Such multi-tasking makes pleasant working conditions for the coach.

“It’s a nice mix of new players and older players and it’s really been a joy to be around,” Owens said. “The one thing is, we’re winning games this year in the same fashion we lost games last year. We did some good stuff last year and I think we did better than people thought we could do. But we lost a lot of games we had a chance to win, and it seems like we’ve just been able to be on the right side of it a little bit more so far.”

This renaissance is being staged in Piscataway, New Jersey, where they have winter. Lots of it. Rutgers did as all northern teams must; spent most of the early season on the road – 21 of the first 22 games were away from home -- trying to find its way against teams who have seen sunshine all off-season. “You get used to it,” Owens said. “I’ve been in the Northeast my whole life so I really don’t know anything else, and our players don’t know anything else so we just play.”

Now they’re trying to take Rutgers baseball to places it hasn’t seen in eons. At the front of the pack in his third season is Owens, who once upon a time was a .349 career hitter for St. Lawrence University in the spring and the football team’s leading rusher in the fall. He briefly dabbled as a coach in both sports but his career trajectory took him to baseball – where he won big at Cortland State, Le Moyne and Bryant -- and eventually to Rutgers.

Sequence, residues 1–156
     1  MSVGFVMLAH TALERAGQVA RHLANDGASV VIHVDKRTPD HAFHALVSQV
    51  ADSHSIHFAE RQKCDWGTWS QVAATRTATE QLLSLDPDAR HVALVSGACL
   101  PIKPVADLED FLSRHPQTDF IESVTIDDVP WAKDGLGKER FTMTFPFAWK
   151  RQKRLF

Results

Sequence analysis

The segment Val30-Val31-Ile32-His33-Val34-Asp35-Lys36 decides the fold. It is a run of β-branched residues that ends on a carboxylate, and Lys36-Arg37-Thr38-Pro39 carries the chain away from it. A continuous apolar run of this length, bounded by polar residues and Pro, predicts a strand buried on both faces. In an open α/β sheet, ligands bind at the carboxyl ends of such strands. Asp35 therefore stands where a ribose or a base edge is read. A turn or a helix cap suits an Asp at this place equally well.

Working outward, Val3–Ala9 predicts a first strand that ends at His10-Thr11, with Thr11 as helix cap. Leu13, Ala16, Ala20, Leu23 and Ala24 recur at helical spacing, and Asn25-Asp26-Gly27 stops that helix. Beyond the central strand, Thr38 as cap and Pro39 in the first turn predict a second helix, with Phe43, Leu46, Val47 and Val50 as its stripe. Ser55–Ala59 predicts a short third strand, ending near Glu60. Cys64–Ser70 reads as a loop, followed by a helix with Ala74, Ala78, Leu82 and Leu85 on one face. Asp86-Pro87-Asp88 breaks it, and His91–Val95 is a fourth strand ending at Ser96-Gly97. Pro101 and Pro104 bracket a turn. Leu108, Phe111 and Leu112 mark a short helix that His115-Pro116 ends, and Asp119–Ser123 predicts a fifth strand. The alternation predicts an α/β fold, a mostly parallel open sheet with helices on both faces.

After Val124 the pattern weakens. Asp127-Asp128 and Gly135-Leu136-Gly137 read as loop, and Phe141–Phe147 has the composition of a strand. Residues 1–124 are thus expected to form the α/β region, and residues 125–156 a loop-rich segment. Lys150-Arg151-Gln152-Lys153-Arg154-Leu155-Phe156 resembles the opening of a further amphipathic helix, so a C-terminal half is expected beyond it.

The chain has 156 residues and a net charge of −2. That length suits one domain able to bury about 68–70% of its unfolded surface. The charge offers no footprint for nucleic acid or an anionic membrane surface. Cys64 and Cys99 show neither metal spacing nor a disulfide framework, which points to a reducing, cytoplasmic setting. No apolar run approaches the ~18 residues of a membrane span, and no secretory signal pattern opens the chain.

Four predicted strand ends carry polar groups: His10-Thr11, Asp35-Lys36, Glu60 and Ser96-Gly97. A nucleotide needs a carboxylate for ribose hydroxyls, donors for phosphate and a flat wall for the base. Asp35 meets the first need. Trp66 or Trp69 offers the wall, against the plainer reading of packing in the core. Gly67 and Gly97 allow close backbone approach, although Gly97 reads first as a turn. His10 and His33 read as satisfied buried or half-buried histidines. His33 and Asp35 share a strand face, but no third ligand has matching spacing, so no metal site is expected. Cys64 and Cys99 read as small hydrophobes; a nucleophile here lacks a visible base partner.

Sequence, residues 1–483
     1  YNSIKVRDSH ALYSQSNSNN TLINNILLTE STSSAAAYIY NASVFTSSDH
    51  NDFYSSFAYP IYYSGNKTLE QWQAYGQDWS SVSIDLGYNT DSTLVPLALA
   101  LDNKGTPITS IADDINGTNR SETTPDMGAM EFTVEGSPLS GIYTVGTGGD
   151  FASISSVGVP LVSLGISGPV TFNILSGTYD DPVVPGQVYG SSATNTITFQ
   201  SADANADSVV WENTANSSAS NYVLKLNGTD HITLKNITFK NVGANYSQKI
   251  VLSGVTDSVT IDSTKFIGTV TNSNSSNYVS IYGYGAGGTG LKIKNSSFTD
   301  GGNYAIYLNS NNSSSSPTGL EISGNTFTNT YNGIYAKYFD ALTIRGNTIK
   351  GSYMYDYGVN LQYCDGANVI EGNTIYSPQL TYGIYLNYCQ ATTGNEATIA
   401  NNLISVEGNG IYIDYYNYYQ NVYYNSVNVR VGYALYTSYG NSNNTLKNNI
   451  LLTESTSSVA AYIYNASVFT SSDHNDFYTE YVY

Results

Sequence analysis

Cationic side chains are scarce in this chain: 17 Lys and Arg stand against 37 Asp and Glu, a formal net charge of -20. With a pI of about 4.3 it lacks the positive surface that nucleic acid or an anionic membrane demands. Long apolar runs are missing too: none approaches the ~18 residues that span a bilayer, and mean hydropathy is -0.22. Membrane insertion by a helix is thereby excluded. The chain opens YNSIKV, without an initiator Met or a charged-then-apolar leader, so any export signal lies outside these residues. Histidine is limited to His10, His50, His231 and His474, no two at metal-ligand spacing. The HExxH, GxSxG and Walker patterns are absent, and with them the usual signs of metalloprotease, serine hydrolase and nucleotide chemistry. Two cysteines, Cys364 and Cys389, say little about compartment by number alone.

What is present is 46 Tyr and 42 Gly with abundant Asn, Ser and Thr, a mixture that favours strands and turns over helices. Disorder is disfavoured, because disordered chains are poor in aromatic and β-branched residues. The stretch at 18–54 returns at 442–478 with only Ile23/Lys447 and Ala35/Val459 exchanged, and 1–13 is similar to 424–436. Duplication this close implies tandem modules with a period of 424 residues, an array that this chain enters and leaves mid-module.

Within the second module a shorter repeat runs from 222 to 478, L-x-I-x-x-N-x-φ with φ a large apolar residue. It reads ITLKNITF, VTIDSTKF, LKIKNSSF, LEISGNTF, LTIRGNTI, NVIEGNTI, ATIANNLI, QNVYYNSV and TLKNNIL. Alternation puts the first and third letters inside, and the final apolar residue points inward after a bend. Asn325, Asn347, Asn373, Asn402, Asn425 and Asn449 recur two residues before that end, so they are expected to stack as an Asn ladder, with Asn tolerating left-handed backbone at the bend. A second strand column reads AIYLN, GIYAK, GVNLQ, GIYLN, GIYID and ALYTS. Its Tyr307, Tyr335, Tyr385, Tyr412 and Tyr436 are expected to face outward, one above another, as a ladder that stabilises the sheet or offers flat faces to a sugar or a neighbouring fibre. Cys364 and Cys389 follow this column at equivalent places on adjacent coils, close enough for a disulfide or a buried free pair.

He has seen the inside of 13 NCAA tournaments in Divisions I and III. His players haven’t. To get there “would mean everything,” he said. “We haven’t talked about a win streak, we haven’t talked about anything. We’re just talking about going to work every day and doing the best we can. We’re keeping it really simple, and that’s the way they like to do it.”

Now they’re 30-6. For Owens, it’s a long way from running sweeps at St. Lawrence.

“My wife says that I picked the wrong sport, that if I was coaching football, I would have made a lot more money,” he said. “She’s probably right. But I don’t think I made the wrong choice.”

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Division I
Baseball Championship
June 16 - 26, 2023
Charles Schwab Field Omaha | Omaha, NE